Plant Taxonomy & Nomenclature Wed 815

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Evolution of Cultivated Plant Names: An Exploration of the Codes of Nomenclature, Cultivar Registration, Plant Patents, and Trade Designation:

Evolution of Cultivated Plant Names: An Exploration of the Codes of Nomenclature, Cultivar Registration, Plant Patents, and Trade Designation This session will be moderated by: Anthony S. Aiello, Morris Arboretum of the University of Pennsylvania Presented by: Michael Dosmann , Arnold Arboretum Natalie Iwanycki, Royal Botanical Gardens Todd Lasseigne , Oklahoma Centennial Botanical Garden Richard Olsen, US National Arboretum Raul Puente-Martinez, Desert Botanical Garden

PowerPoint Presentation:

What do you need to know about the Codes? Michael S. Dosmann, PhD Curator of Living Collections

Nomenclature, taxonomy, & verification:

N omenclature , taxonomy, & verification Prunus grayana 191-77B

PowerPoint Presentation:

Human nature to describe, organize, and assign names to things… We use tools to help.

Identification vs taxonomy/classification vs nomenclature:

Identification vs taxonomy/classification vs nomenclature Phylogeny of Stewartia Li, J. et al. 2002. Phylogenetic relationships and biogeography of Stewartia ( Camellioideae , Theaceae ) inferred from nuclear ribosomal DNA ITS sequences. Rhodora 104: 117-133)

Prioritization… preferably:

Prioritization… preferably KNOW what you have – Look at the plant and verify it to an identity SELECT a classification scheme – Choose the ‘best’ taxonomy APPLY the correct name – Refer to the Codes of Nomenclature as needed

Taxonomy / Systematics:

Taxonomy / Systematics The science classifying biodiversity Domain Kingdom Division (plants) / Phylum (animals) Class Order Family Genus Species Little fleas have littler fleas… ad infinitum

Nomenclature:

Nomenclature Kingdom Division Class Order Family Genus Species Plantae Magnoliophyta Magnoliopsida Magnoliales Magnoliaceae Magnolia Magnolia acuminata L. binomial

What about within-species variation?:

What about within-species variation? Genus Species Subspecies Variety Forma cultivar Acer Acer saccharum Acer saccharum ssp. nigrum Acer saccharum var. rugelii Acer saccharum f. monumentale Acer saccharum ‘Legacy’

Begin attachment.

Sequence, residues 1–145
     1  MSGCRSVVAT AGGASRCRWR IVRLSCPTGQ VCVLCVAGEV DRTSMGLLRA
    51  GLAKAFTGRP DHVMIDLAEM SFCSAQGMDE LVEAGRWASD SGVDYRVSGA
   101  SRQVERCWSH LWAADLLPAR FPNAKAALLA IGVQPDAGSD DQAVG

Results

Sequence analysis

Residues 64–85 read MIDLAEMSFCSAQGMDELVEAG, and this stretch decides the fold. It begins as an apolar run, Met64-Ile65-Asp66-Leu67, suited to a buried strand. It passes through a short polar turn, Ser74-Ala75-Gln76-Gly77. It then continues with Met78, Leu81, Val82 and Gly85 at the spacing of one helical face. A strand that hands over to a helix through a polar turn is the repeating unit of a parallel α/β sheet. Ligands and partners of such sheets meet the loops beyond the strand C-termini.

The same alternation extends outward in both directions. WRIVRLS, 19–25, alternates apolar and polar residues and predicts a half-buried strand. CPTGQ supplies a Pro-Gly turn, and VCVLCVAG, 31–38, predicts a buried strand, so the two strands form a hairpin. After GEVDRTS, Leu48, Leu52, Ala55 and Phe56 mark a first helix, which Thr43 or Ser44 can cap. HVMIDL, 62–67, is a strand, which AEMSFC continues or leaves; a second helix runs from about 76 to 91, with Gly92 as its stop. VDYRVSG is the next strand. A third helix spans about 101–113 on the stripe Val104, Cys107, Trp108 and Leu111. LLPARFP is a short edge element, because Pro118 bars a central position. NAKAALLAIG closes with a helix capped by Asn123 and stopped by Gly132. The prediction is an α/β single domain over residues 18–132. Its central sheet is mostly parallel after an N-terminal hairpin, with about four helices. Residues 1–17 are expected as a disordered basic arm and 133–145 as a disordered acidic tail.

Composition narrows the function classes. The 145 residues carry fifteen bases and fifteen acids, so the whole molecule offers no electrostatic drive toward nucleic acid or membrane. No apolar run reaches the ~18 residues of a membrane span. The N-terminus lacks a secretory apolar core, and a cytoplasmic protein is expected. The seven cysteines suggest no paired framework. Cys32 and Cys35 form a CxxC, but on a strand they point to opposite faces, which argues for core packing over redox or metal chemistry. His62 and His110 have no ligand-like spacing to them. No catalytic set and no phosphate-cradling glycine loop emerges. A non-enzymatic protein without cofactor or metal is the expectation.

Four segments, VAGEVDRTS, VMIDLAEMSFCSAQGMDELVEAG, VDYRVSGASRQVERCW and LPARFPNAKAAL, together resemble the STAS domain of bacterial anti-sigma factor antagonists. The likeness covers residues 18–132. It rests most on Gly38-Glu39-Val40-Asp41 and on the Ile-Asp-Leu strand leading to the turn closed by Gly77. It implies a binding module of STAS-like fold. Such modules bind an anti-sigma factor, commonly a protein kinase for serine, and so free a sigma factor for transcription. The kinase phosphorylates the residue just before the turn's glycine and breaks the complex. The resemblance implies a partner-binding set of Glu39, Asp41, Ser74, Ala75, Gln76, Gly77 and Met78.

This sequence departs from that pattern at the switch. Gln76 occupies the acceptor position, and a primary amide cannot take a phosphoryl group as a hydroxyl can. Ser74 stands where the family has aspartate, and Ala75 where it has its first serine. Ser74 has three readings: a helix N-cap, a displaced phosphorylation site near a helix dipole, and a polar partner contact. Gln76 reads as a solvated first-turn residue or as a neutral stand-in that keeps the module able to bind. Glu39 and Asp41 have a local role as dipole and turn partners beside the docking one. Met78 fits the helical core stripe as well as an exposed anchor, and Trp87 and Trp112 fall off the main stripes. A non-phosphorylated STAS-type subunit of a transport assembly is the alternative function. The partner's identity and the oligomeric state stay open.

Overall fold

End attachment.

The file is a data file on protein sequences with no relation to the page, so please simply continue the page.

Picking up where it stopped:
A functional naming system must be…:

A functional naming system must be… Simple … not confusing Precise … not ambiguous Stable … no weather vaning Dynamic … prudent change is good

One Code to Rule Them All…:

One Code to Rule Them All… 18 th International Botanical Congress (Melbourne), 2011 Current Code quite different from the 17 th Congress: ICN (International Code of Nomenclature for algae, fungi, and plants), formerly the ICBN Electronic publication acceptable Latin not required, English is acceptable Simpler to read with greater standardization Validated the Vienna Code’s treatment of Acacia (i.e., Acacia s.s. encompasses the Australian “subgenus”) http ://www.iapt-taxon.org/nomen/main.php?page=title

PowerPoint Presentation:

Malus hupehensis AA 7241*A on 9 May 2005

Malus ‘Donald Wyman’ cultivar of crabapple AA 23254*A:

Malus ‘Donald Wyman’ cultivar of crabapple AA 23254*A

International Code of Nomenclature for Cultivated Plants :

International Code of Nomenclature for Cultivated Plants ICNCP in 8 th edition ( Wageningen ) ICN rules apply first, then ICNCP steps in for Cultivars Cultivar Groups Grexes (but only for orchids…) Does NOT apply to T rade designations (but attempts advice) Populations, clones, breeding lines, etc… that are not registered cultivars (nor ever should be)

A few things to remember… :

A few things to remember… Names are tools The Codes and their writers do their best, but are not perfect Verification to identity – looking at the plants – should always be the highest priority, even if time does not permit it

Cultivar Name Registration in North America:

Cultivar Name Registration in North America Natalie Iwanycki Herbarium Curator & Field Botanist Royal Botanical Gardens, Canada

PowerPoint Presentation:

Three kinds: Cultivar Name Registration/ICRA Plant Patents/Plant Breeders Rights Registered Trademarks Plant Registrations Plant breeding photo? Trademark on nursery label?

PowerPoint Presentation:

Cultivar Name Registration Cultivar Name Registration preceded ICNCP by 50 years Possibly orchid names registered first – 1895 by commercial orchid growers in England & Belgium Sander’s Orchid Guide (1901) Photos of hard copy registries Photos: C. Balistrieri

PowerPoint Presentation:

Cultivar Name Registration in North America Among the first in N. America: American Peony Society (Department of Registration 1923) American Rose Society (American Rose Annual 1916) American Iris Society (Iris Check List 1922) In 1947 American Horticultural Council set up a Commission on Registration and Nomenclature

PowerPoint Presentation: